Wednesday, April 29, 2015

The Power of Confession

I have a confession to make.  I have been way too slack about confessing my sins to God.  I have taken for granted that Jesus died on the cross for me, that I have received his gift of forgiveness, and that my sins are all gone.  That is all true.  But I can't take it for granted.  I need to confess my sins.  In my daily time with Jesus, I need to make sure that I acknowledge specifically how I need to repent.

I have often noticed a distance from the Lord, like my relationship with him is just flat.  As I am reading through Tim Keller's book on prayer, I obviously came across the importance of confession.  Oh yeah.  I need to do that.  Not just because I am supposed to, but because I need the life that comes from openly, specifically agreeing with God about my sin.

I began listing my sin.  It's worse than I thought.  Realizing one sin helps me realize another.  I'm not wallowing in woe-is-me depression.  I'm just seeing that addressing these areas of "missing the mark" will help me live more like God wants me to.  Duh.

Confession brings life.  Wow!

Wednesday, April 22, 2015

New Friends

We arrived back from Uganda on April 11, late in the evening.  I think everyone on the trip had a once-in-a-lifetime experience.  Nearly every night since our return, I have dreamed about the people in Wakiso, the district outside of Kampala, Uganda.  Meeting these folks has struck a chord deep in my soul.

Thanks to the work of Scott and Erin Littleton with The Mighty River Project, relationships were established long ago.  On this trip, the Littletons introduced their friends from the U.S. to their friends in Uganda.  It felt like a family reunion.

We visited Sunday through Wednesday in the village, spending the nights at a guesthouse in Kampala.  Every day we were talking with the basket makers, playing with the children, and working alongside the young men.  They received us with warmth and gratitude like beloved extended family. 

On the last day in Wakiso, we shared gifts with them.  The basket-making women received gifts from their personal sponsors and The Mighty River Project.  All the kids received backpacks filled with pencils, notebooks, stickers and toys.  It felt like Christmas.  We were a big family who love each other, sharing gifts from the heart.  They also shared gifts with us.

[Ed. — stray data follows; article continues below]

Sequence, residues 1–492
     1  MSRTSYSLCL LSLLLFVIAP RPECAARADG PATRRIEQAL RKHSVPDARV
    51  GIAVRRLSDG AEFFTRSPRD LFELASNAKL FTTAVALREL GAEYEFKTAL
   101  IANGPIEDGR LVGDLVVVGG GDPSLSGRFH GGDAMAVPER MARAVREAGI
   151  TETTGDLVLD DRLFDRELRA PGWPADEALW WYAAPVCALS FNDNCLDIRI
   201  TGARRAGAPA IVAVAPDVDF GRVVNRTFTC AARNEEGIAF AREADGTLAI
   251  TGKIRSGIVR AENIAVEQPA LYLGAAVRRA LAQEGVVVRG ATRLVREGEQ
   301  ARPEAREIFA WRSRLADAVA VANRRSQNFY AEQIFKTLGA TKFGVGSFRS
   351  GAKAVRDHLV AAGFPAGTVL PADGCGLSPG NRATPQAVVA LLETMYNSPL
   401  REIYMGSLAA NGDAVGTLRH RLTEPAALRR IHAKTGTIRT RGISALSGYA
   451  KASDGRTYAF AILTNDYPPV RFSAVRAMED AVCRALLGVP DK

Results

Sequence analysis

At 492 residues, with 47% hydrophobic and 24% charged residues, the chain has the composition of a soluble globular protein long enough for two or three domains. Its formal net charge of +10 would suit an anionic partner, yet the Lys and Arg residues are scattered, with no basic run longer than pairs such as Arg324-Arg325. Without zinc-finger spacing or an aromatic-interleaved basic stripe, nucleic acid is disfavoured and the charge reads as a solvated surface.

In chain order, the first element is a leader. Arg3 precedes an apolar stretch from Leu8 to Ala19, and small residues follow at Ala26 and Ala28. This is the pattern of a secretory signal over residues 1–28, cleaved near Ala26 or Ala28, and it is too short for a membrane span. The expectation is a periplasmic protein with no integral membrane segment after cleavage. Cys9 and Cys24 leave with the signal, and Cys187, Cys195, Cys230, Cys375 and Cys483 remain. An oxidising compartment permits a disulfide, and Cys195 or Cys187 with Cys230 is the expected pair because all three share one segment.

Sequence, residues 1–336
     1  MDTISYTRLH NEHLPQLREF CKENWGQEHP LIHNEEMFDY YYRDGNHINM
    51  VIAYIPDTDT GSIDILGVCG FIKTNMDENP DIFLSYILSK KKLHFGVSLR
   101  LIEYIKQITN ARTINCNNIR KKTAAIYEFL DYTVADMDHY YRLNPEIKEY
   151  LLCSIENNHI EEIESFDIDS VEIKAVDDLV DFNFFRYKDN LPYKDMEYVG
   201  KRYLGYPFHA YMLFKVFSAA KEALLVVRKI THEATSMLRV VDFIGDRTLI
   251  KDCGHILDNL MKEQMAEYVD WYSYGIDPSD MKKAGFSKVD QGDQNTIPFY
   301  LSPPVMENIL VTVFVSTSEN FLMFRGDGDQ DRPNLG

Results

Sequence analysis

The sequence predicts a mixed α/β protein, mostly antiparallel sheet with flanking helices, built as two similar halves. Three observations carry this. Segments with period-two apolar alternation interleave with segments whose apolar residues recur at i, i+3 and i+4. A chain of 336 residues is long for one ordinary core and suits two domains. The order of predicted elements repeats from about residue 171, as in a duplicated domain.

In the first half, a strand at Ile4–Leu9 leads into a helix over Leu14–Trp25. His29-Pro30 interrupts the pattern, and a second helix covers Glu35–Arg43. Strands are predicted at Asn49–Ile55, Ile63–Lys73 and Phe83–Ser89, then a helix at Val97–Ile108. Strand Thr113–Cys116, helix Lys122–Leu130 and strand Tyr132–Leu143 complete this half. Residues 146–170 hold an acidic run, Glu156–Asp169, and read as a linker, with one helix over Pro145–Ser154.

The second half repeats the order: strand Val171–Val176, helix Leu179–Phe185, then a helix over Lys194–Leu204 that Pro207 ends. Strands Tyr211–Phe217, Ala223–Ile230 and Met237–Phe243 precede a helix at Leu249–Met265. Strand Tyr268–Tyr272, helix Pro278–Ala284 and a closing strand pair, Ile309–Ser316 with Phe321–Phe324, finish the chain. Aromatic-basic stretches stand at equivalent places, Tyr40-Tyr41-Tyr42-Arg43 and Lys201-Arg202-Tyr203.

These relationships have been cultivated for four years.  With this trip, the relationship has reached a whole new level.  Already folks at Crossroads are planning the next trip.  We are planning who will go, whom they will meet and what gifts they will bring.

For me, my prayer is that I will never be the same.  I have seen the world as never before.  I have seen the gospel at work as never before.  To Jesus be the glory!

Sunday, April 5, 2015

Ugandan Easter

Today we saw the power of the Risen Savior. Jesus showed up in the welcome we received from our Ugandan hosts. At church, we were recognized as friends from the U.S. They allowed our Ugandan matriarch Dorothy to share about The Mighty River Project. Scott Littleton and I also expressed greetings and appreciation for their hospitality. After worship, we gathered at Dorothy's home for lunch and visiting. We shared a meal together, we played with the children, and they sang for us. It was humbling to be greeted with such warmth. I especially connected with Belam, Dorothy's son. He has studied to be an auto mechanic, but ran out of money for his studies. I expect to see him on Monday, and I can get to know him better.

Friday, April 3, 2015

A Good Friday to Uganda

Today our mission team is leaving for Uganda to work with The Mighty River Project.  On Good Friday, Jesus laid down his life.  He gave us life as he died for our sins.  His was the ultimate sacrifice.

As we leave for Uganda, I think our team feels more privileged than sacrificial.  How God has blessed us with this opportunity of a lifetime!  We will make new friends, experience worship in a Ugandan church on Easter Sunday, help locals as they begin construction of a kitchen, paint a few rooms, visit with orphans, and witness the work of God in this unfamiliar culture.

We have so much we can learn from them.  We trust God that they can also benefit from our visit.

I am looking forward to meeting Erina, the single mom that my family sponsors.  She and seven other single moms work to produce crafts that The Mighty River Project ships to the U.S. for sale. I hope that our friendship with these folks in Uganda will pave the way for God to transform more and more lives there and here!